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ISME J. 2018 May;12(5):1375-1388. doi: 10.1038/s41396-018-0067-3. Epub 2018 Feb 14.

Microbiome assembly of avian eggshells and their potential as transgenerational carriers of maternal microbiota.

Author information

1
Groningen Institute for Evolutionary Life Sciences, University of Groningen, P.O. box 11103, 9700 CC, Groningen, The Netherlands. pietervanveelen@gmail.com.
2
Groningen Institute for Evolutionary Life Sciences, University of Groningen, P.O. box 11103, 9700 CC, Groningen, The Netherlands.

Abstract

The microbiome is essential for development, health and homeostasis throughout an animal's life. Yet, the origins and transmission processes governing animal microbiomes remain elusive for non-human vertebrates, oviparous vertebrates in particular. Eggs may function as transgenerational carriers of the maternal microbiome, warranting characterisation of egg microbiome assembly. Here, we investigated maternal and environmental contributions to avian eggshell microbiota in wild passerine birds: woodlark Lullula arborea and skylark Alauda arvensis. Using 16S rRNA gene sequencing, we demonstrated in both lark species, at the population and within-nest levels, that bacterial communities of freshly laid eggs were distinct from the female cloacal microbiome. Instead, soil-borne bacteria appeared to thrive on freshly laid eggs, and eggshell microbiota composition strongly resembled maternal skin, body feather and nest material communities, sources in direct contact with laid eggs. Finally, phylogenetic structure analysis and microbial source tracking underscored species sorting from directly contacting sources rather than in vivo-transferred symbionts. The female-egg-nest system allowed an integrative assessment of avian egg microbiome assembly, revealing mixed modes of symbiont acquisition not previously documented for vertebrate eggs. Our findings illuminated egg microbiome origins, which suggested a limited potential of eggshells for transgenerational transmission, encouraging further investigation of eggshell microbiome functions in vertebrates.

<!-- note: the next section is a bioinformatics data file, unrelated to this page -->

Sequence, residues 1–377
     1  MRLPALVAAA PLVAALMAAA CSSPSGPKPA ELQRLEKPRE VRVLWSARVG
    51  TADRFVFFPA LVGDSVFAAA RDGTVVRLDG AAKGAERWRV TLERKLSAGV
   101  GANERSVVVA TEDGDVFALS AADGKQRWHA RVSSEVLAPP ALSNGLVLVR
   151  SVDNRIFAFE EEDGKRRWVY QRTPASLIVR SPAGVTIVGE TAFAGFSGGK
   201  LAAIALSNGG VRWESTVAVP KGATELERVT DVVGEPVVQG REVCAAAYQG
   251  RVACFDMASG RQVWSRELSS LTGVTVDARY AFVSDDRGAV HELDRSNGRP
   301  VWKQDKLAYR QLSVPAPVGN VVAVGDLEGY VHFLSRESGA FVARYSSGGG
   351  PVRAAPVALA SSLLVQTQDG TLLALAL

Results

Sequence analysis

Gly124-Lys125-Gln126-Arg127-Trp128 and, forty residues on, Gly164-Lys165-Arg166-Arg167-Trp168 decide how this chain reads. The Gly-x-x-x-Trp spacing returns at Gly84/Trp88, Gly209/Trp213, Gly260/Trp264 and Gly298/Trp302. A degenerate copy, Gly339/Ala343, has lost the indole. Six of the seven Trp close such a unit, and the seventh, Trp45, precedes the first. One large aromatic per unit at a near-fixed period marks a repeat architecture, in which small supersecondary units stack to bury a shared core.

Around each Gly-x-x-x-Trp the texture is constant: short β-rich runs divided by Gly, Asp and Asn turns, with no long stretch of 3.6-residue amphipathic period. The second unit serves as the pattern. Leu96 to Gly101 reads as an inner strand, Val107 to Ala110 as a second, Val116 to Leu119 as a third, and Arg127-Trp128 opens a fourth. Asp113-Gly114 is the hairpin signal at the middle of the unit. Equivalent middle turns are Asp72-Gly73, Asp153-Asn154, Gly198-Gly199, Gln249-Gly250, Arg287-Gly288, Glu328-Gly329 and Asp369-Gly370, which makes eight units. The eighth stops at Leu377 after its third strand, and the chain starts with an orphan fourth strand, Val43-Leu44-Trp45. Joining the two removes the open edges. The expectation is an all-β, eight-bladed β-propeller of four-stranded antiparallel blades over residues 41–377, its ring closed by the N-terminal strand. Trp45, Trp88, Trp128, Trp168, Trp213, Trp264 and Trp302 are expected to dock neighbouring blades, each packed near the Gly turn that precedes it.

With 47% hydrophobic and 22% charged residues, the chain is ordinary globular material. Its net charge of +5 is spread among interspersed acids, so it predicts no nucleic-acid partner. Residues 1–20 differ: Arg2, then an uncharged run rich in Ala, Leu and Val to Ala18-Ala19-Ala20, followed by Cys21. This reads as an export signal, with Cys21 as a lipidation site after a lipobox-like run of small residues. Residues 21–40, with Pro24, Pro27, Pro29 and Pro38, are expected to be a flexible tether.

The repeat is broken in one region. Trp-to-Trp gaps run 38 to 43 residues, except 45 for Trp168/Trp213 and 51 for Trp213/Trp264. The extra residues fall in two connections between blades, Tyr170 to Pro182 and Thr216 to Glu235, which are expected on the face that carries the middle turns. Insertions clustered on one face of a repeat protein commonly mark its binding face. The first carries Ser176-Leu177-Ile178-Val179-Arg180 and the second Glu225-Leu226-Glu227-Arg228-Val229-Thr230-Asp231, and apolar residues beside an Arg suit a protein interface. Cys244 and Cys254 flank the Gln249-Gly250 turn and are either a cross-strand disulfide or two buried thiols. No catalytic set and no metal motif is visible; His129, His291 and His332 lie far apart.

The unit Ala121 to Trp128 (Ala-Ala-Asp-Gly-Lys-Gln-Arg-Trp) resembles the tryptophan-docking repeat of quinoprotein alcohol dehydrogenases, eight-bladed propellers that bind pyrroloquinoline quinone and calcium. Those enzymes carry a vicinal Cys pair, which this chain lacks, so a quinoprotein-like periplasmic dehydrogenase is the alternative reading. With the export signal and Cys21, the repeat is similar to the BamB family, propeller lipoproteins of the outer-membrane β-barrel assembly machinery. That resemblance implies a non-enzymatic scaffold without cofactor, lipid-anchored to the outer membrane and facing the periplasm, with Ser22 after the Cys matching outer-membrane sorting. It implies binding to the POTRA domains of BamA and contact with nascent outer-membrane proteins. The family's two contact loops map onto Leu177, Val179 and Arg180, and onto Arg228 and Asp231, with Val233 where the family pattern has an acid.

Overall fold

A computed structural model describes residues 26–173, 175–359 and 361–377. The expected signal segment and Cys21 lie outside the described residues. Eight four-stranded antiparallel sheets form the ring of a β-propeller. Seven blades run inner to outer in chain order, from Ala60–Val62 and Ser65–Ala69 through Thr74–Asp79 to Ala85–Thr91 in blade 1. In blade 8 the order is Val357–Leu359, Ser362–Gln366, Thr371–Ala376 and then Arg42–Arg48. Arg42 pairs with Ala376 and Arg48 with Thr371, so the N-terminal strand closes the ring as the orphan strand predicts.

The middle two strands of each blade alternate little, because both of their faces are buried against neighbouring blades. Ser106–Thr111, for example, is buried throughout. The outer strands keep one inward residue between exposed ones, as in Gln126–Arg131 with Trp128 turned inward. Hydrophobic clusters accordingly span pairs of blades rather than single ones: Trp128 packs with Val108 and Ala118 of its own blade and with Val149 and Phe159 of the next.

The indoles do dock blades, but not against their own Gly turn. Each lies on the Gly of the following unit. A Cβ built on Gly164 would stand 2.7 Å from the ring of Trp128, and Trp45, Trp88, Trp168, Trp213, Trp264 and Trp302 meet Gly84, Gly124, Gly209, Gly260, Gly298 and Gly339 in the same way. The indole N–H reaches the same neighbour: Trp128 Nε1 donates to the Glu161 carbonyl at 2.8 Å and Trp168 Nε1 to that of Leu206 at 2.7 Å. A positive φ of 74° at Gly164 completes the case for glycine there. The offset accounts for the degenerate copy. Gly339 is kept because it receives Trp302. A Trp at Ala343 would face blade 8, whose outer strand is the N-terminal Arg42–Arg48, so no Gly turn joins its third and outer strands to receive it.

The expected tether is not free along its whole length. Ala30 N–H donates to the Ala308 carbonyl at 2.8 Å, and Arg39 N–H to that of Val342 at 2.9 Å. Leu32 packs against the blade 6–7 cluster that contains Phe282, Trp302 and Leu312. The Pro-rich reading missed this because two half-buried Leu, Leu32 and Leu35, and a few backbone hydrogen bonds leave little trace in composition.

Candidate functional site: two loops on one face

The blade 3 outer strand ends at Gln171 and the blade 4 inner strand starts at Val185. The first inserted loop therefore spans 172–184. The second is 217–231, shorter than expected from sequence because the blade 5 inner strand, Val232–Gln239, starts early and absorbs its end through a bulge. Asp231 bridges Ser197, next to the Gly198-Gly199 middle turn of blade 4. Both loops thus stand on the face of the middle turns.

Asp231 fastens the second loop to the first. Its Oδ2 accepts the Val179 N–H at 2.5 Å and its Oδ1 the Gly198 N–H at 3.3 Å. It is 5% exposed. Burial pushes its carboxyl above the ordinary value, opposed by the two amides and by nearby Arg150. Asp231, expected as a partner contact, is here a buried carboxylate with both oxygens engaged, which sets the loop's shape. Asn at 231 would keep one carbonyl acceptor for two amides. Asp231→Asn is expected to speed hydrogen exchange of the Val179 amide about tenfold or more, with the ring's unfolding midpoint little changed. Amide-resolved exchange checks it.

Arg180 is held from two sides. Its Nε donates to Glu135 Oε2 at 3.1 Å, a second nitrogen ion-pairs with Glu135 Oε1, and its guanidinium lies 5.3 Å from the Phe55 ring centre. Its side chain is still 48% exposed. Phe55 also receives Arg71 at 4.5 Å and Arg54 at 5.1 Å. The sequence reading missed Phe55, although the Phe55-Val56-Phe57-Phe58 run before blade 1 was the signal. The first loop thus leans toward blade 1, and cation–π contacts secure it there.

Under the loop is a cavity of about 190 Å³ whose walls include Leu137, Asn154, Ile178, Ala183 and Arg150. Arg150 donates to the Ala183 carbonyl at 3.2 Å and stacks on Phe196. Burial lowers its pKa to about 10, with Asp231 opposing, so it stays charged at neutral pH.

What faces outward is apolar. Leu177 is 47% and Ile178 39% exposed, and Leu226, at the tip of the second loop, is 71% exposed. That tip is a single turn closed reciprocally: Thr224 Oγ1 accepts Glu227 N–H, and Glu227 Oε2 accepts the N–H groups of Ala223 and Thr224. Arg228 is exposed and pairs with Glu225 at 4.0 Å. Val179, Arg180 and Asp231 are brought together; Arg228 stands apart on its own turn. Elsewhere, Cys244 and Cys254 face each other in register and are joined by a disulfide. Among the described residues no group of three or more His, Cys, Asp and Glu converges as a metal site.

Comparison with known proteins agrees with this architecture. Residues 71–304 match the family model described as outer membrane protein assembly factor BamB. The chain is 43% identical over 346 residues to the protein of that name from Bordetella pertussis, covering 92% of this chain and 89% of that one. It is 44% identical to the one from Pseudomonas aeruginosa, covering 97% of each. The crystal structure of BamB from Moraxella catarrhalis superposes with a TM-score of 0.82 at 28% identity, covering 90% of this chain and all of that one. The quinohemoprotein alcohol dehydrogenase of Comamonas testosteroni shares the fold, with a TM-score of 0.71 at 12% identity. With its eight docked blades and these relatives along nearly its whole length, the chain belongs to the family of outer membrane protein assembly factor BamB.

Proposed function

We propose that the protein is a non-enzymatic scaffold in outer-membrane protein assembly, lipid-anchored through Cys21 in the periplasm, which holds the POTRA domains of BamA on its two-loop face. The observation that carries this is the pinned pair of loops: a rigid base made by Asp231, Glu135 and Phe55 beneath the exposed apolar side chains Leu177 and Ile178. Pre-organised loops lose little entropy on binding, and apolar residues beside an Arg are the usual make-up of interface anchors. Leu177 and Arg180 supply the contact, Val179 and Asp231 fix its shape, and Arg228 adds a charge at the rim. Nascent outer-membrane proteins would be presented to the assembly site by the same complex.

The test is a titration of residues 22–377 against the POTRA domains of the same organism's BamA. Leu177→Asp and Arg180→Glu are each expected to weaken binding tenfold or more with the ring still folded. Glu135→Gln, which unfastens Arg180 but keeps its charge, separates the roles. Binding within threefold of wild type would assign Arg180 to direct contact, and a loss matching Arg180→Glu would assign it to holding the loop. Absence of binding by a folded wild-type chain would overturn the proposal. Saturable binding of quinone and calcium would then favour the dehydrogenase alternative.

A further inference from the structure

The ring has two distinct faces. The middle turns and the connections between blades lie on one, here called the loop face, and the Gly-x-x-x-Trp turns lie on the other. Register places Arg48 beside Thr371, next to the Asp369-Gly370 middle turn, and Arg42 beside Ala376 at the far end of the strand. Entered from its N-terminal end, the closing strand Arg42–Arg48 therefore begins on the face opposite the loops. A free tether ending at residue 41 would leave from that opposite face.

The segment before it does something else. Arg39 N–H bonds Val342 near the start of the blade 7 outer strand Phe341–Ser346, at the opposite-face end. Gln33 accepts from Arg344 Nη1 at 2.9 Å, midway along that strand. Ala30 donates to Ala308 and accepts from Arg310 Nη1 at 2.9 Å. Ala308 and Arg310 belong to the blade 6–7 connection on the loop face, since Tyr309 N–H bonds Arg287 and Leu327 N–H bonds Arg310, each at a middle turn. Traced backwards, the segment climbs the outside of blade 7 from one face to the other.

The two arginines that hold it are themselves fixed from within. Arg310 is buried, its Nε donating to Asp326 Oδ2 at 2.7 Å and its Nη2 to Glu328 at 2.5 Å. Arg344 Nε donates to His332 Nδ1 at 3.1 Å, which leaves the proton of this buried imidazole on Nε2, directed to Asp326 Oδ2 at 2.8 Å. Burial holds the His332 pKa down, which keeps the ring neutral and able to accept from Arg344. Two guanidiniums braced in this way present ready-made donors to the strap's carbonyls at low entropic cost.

PMID:
29445132
PMCID:
PMC5932060
DOI:
10.1038/s41396-018-0067-3
[Indexed for MEDLINE]
Free PMC Article

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